If you are a recent college graduate, you are surely aware of the array of challenges as you venture out on your own. High unemployment rates, staggering student loans, and the struggle to find housing and manage finances can cause many headaches from the moment you receive your diploma. However, though it may be daunting, you can weave your way through the madness with a little planning and a lot of ambition and diligence.
1. Make an Effort to Stand Out From Other Job-Hunters
By being creative during your job search, you can make quite an impression on potential employers. Create a great stylized resume and portfolio, or post a video on YouTube explaining why you want to work for a particular company. Jobs are at a premium, and the candidates who stand out have the best chances for success.
2. Be Choosy in Your Job Search
Even though unemployment is high and the job market is ultra-competitive, you don't have to take the first position offered to you - especially if the benefits are limited or nonexistent. Will you be offered health insurance benefits? If so, how soon after you start? There are other things to consider - such as vacation and paid time off - but healthcare should be your primary concern.
3. Don't Sell Yourself Short in Salary Negotiations
While you don't want to price yourself out of a good job opportunity, you certainly do not want to accept a grossly underpaid position. Use resources like the IEEE-USA Salary Calculator or a website like Salary.com to research starting salaries for careers in your field, and use this information in the negotiation process.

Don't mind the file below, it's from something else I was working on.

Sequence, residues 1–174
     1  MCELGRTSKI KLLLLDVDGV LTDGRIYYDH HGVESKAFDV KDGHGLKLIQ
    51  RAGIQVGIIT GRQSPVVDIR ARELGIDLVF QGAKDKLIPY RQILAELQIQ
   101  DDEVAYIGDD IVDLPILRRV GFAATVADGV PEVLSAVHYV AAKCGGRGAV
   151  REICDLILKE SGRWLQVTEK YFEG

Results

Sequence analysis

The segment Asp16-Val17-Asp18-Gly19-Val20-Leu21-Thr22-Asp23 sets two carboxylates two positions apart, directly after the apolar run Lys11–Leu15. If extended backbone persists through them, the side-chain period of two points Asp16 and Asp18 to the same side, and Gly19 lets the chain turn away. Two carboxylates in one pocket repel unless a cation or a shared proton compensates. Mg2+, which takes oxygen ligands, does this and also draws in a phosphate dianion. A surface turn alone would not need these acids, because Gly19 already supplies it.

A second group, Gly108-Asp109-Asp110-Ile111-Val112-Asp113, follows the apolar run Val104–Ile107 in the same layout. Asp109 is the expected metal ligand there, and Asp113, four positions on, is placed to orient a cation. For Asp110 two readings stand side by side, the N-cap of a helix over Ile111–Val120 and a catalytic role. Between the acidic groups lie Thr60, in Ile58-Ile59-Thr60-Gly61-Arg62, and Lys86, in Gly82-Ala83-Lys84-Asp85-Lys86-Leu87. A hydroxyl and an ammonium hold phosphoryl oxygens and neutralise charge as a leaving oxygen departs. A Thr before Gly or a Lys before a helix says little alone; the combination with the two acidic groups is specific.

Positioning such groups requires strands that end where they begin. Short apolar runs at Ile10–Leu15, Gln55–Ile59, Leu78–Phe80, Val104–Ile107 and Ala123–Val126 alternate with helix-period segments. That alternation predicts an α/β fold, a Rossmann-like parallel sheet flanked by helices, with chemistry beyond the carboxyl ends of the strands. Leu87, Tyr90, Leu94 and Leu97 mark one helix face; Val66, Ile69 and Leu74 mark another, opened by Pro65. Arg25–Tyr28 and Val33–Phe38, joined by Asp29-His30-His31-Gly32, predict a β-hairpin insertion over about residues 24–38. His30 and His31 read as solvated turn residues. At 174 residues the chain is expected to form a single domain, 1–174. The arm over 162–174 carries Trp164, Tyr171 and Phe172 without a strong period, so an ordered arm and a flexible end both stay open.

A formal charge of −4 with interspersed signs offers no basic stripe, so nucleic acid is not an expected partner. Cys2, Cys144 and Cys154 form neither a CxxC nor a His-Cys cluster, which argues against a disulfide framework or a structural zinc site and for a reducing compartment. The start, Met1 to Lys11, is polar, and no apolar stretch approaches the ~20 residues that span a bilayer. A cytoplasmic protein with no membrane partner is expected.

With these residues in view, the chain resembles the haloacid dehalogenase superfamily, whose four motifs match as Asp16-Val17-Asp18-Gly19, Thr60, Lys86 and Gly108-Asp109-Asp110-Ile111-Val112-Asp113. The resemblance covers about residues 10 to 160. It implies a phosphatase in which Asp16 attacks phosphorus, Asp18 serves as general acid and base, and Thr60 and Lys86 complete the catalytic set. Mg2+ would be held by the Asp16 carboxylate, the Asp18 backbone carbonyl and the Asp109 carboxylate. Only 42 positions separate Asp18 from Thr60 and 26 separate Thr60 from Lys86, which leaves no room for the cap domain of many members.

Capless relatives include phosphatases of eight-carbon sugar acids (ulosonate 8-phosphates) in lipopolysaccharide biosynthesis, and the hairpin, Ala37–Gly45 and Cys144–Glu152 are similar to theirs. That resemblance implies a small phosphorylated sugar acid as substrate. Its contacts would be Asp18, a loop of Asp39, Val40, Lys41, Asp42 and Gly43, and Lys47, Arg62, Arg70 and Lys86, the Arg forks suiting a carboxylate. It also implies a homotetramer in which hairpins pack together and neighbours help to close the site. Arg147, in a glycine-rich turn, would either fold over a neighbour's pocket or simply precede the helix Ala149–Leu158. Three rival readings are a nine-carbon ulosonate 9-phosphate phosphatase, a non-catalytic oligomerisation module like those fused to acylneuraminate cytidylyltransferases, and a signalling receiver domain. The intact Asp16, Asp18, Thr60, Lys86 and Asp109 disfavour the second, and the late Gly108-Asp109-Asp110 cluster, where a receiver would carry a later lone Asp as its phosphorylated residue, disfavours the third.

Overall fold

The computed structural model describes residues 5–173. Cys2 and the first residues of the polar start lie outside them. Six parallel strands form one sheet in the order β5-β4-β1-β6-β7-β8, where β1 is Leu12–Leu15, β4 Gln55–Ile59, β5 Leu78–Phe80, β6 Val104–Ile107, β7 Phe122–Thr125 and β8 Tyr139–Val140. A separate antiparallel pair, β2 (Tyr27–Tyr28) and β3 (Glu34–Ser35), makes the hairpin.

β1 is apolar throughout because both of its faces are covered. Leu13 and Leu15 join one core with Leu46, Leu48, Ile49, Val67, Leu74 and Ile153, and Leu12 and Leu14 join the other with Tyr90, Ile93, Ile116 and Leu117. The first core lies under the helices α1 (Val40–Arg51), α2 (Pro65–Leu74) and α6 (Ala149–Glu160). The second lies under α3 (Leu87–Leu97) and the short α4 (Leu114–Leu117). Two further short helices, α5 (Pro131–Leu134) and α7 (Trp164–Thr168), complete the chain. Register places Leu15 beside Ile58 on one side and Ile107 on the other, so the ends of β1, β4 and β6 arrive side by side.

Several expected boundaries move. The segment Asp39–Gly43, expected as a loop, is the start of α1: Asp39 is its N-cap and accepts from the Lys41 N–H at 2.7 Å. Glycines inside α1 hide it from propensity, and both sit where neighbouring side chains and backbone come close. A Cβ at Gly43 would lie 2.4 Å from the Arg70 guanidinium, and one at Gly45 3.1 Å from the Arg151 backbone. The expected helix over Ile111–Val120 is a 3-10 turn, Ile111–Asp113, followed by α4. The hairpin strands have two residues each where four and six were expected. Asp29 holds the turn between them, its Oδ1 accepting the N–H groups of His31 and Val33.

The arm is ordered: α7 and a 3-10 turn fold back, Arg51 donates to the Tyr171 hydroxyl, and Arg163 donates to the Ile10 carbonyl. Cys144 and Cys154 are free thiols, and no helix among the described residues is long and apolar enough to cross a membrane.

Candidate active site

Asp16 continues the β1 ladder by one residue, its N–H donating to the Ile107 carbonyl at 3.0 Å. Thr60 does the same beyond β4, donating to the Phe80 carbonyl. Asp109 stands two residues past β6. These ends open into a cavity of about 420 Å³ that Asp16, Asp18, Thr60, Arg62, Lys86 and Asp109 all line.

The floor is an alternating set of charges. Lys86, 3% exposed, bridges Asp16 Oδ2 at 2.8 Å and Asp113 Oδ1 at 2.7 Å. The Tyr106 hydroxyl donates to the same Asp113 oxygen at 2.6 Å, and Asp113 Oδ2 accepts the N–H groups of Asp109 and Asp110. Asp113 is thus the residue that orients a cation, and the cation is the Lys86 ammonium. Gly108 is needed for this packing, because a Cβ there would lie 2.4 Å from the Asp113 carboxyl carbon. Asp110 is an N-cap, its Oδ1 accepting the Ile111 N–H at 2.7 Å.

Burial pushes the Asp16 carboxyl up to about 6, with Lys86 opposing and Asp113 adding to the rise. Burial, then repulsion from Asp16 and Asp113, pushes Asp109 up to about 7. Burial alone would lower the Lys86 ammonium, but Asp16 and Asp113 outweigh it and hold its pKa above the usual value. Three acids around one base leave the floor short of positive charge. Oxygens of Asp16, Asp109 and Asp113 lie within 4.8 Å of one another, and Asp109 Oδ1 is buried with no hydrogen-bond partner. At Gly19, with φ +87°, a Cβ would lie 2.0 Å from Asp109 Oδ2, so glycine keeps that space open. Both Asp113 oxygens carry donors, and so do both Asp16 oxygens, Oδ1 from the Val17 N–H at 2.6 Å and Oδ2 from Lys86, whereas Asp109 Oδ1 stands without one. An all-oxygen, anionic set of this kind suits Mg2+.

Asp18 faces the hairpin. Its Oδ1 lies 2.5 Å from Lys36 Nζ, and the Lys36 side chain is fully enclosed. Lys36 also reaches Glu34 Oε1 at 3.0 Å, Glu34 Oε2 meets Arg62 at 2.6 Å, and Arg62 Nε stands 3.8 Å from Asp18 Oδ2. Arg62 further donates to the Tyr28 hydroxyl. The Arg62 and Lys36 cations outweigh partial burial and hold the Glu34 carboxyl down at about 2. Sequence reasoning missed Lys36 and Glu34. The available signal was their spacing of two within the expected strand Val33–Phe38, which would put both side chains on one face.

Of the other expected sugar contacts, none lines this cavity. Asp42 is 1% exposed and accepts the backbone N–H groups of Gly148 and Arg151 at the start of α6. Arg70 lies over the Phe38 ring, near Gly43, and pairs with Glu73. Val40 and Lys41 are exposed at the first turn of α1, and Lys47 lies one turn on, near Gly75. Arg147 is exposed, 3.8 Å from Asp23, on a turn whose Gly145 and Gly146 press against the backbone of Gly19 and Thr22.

4. Start Saving for Retirement
While saving for retirement may be the last thing on your mind, it shouldn't be. With the power of compound interest, the sooner you start saving, the better off you'll be when you reach retirement. At the very least, sign up for your employer's 401k program and set your contribution percentage as high as you can afford. Next, consider opening up an IRA. With the uncertain future of Medicare and Social Security, you can never be too safe when it comes to saving for retirement.
5. Reduce Your Monthly Bills
If you're tight on cash, it may be time to trim or eliminate some of your monthly expenses. For instance, if you have an unlimited cell phone plan, review your monthly bill to see just how many minutes and texts you're actually using. You may very well be able to downgrade to a cheaper plan. You should also consider a cheaper monthly Internet plan, as well as cutting your land line and cable.
6. Create a Plan to Pay off Student Loans
If you are like the majority of college graduates, you have a large amount ofstudent loan debt to pay off. While it can be tempting, avoid enlisting in forbearance programs unless you absolutely must as interest will continue to accrue. Instead, find ways to save more money so you can pay off these debts as quickly as possible.
7. Pay off Credit Card Debt
Regardless of your level of credit card debt, it's time to pay off your balances. Any money you send to the banks for interest is wasted money. Create a personal budget, and aim to spend less than you earn each month. Use the extra money to pay off your credit card debt until it is eliminated.
The most important thing to keep in mind when it comes to managing your finances after college is organization. Avoid making major purchases until you can afford to pay them off in full, and be sure to implement and stick to a budget. Many of the decisions you make now will have long-term effects on your finances well into the future — so be careful to ensure that your future is comfortable and stable.
What other tips do you have for recent college graduates?